Systemic racism in the justice and wider government systems needs to be addressed in order to tackle the over-incarceration of Aboriginal and Torres Strait Islander people, according to Julie Walker, a Yinhawangka woman from South Hedland in Western Australia.
The criminal justice system is not doing enough to deal with the issues underlying many peoples’ interactions with the system, including homelessness, unemployment, poverty and trauma, she says.
Ms Walker, a social worker with long experience in social justice advocacy and initiatives, says the Royal Commission into Aboriginal Deaths in Custody is “Australia’s most significant social document”, and that many of its recommendations remain relevant today.
These include the need for Aboriginal people to have access to culturally appropriate services, including from the education, health, social and justice systems.
The colonial attitudes of the past continued on in policies designed to punish, and bring harm and injury to Aboriginal people, she said, and this was particularly evident in Centrelink policies and practices.
Ms Walker also highlighted the need to stop high rates of removal of children, and to ensure child protection systems catered for children’s cultural needs.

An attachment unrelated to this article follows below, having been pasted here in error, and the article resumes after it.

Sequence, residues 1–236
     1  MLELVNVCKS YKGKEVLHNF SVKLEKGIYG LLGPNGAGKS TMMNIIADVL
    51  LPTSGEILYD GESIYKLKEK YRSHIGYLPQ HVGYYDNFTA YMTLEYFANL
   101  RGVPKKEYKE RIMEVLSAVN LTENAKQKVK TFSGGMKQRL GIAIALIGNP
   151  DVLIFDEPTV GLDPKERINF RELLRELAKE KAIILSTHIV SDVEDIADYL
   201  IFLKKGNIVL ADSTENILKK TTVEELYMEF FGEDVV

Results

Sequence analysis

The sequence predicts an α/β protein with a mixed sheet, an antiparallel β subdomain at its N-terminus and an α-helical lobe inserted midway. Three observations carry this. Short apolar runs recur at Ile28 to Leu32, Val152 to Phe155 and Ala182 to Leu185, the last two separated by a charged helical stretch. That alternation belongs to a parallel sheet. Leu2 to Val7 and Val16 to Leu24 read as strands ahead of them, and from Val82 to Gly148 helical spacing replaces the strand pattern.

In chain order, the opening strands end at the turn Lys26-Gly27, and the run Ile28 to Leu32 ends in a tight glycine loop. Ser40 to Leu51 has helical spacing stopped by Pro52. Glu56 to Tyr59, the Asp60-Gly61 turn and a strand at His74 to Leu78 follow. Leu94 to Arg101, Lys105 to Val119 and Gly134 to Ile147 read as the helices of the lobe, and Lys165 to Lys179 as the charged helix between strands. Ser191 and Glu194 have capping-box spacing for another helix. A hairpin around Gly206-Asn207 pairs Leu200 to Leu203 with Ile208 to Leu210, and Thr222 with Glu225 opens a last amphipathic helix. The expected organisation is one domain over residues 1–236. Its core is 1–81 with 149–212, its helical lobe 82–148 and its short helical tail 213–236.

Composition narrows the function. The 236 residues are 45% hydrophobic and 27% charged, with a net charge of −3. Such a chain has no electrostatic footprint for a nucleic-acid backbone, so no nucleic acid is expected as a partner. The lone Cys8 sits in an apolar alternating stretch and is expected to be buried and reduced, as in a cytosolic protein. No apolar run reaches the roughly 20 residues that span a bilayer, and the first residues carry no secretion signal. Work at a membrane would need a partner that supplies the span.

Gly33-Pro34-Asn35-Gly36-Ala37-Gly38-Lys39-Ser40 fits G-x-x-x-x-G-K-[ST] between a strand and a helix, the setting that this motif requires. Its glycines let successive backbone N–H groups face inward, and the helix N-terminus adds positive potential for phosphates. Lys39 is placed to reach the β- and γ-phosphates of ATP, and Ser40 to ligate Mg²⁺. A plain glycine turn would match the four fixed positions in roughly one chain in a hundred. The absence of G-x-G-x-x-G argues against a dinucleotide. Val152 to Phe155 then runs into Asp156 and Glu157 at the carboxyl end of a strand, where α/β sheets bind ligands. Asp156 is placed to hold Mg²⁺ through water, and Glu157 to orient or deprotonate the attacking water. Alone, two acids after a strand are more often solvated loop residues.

“In the Pilbara, 98 percent of the children in DCP [Department for Child Protection] care are Aboriginal; many have English as second or third language,” she said.
“When they go into child protection, they go into cultural shock, which is very traumatic…I’ve seen little ones, two-year-olds, you get a situation where they can’t even talk to their carer. It’s a really traumatic experience for any child to go through.”
Other issues identified by Ms Walker in this interview include:
• The need to understand the historic context of colonisation in order to address contemporary incarceration rates.
“Aboriginal people were subject to tremendous violence from the onslaught of the first settlers…to understand how Aboriginal people have become criminals in their own country, you need to understand the history of colonisation. In the fight for land and resources, Aboriginal people were sent to prison…”
• The need for secure funding for community organisations and programs focused on the needs identified by communities. She called for an end to the short-termism of 12-month funding arrangements and to top-down decision-making by bureaucrats far away who don’t know the local community.
“You can’t do anything on 12 month funding. They change the goal posts, they change the rules, they change the policies. You get the impression, they really don’t want us to do well, they really don’t want us to make some changes here. Decision-making doesn’t happen on the ground; it’s all top-down made by bureaucrats and people who have no understanding, in some cases they don’t even know where South Hedland is. They have no idea about the community…but they make the decisions.”
• The need for Australia to recognise Indigenous sovereignty, and to address the atrocities committed in the past.
Watch the full interview below.
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